We see it all the time on television: The brilliant, gifted, world-class physician barking orders at his nurse, shutting down her suggestions or objections with a snorted, "Just do it!" There are complications, and the team scrambles to save the patient's arm or kidney or life. Everything turns out all right, because the doctor finally listens to the nurse, who learned some critical health information during an informal chat with the patient before surgery, when the nurse was reassuring the patient that the doctor is, indeed, The Best.
Texas residents who have been following the race for the Republican presidential nomination certainly know the name Rick Santorum. Once considered out of the race, the former senator from Pennsylvania has staged quite a comeback in recent week and now appears to be a contender once again.
The federal government has been collecting patient safety data for some time now. Looking at hospitals and physicians, tracking adverse events -- all of this is intended to provide more transparency for patients and payers. As consumers, the theory goes, knowing about the number and types of medical errors that occur in a hospital will encourage us to choose the facility with better ratings; facilities that fall short will have to improve to keep our business.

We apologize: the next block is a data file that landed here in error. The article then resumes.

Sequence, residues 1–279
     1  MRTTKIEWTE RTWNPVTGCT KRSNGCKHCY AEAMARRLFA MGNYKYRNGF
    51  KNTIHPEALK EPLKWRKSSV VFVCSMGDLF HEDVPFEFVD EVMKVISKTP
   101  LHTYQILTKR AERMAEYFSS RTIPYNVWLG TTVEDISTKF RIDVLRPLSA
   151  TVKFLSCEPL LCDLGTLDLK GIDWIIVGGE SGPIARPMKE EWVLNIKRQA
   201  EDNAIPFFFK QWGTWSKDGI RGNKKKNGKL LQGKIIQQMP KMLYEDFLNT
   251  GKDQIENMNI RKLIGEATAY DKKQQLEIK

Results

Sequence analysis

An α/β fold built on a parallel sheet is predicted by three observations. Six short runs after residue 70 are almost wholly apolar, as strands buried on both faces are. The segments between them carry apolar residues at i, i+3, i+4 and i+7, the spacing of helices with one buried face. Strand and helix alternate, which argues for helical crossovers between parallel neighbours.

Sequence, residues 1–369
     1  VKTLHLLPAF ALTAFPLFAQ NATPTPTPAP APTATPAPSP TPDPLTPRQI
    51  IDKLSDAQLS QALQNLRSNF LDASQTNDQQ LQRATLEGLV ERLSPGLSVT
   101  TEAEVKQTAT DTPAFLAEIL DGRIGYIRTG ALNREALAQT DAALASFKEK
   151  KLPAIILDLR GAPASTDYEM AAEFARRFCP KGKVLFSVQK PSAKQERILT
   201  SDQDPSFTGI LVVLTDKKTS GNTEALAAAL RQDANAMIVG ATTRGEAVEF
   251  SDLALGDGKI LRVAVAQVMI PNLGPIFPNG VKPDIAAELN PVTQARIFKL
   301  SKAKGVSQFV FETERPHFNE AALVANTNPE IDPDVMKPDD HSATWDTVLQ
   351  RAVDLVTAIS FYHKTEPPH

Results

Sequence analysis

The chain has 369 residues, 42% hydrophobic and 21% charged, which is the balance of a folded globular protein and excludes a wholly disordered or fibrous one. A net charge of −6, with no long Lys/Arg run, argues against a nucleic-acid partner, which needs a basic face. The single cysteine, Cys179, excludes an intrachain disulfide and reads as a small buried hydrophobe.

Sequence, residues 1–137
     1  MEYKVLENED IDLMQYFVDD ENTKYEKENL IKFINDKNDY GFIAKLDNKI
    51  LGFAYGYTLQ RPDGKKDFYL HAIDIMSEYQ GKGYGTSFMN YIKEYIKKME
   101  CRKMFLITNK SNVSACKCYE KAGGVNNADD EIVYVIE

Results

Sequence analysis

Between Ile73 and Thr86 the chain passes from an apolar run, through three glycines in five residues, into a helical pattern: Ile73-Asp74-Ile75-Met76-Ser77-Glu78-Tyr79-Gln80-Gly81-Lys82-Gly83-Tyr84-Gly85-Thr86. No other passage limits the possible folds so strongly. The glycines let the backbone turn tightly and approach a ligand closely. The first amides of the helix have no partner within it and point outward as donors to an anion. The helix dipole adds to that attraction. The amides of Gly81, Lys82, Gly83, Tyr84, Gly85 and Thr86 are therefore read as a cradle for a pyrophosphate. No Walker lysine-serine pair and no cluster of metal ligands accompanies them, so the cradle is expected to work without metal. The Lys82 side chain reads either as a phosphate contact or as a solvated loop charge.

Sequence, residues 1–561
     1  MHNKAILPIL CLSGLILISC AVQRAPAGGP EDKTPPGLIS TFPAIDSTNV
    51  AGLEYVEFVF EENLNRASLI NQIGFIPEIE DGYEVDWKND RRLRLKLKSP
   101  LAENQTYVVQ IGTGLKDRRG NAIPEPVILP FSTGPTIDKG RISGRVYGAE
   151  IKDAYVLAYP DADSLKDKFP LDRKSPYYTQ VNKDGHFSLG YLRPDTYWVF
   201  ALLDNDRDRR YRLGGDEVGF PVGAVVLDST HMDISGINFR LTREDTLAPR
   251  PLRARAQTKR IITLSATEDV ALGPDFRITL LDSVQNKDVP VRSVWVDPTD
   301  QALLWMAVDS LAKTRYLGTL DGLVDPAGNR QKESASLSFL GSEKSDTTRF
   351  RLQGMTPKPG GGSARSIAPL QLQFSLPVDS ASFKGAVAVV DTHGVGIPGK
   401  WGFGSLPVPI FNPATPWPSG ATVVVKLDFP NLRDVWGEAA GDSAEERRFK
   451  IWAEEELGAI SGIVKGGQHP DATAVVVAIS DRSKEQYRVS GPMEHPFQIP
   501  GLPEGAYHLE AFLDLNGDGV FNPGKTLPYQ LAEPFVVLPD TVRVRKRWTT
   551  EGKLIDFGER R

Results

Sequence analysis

There are a million jokes about lying. For example: How can you tell that a politician is lying? His lips are moving. In this case, you can substitute just about any profession and get a laugh -- except doctor. We don't like to believe that doctors lie.
It is never fun visiting even the best emergency room in Houston. Worrying about yourself or a loved one in an acute care situation is stressful enough; you should not have to worry about what day of the week it is. Still, a new study has confirmed that there is a correlation between the day of the week a person is admitted and the patient's chances of survival.
While the previous post explained the new checklist initiative at some hospitals throughout the country, a woman who endured a long battle alongside her ailing father wrote a new book on checklists that may be useful for hospital patients and their loved ones. The book is entitled The Patient's Checklist: 10 Simple Hospital Checklists to Keep You Safe, Sane & Organized by Elizabeth Bailey.
Despite significant efforts to improve the rate of medical errors at hospitals and facilities throughout the country, there is still a lingering problem. In 2010 alone, the government found that approximately 15,000 Medicare patients died from poor medical care each month. That number is substantially similar to the estimate released by the national Academy of Sciences that said as many as 100,000 patients die each year due to preventable medical malpractice and medical errors.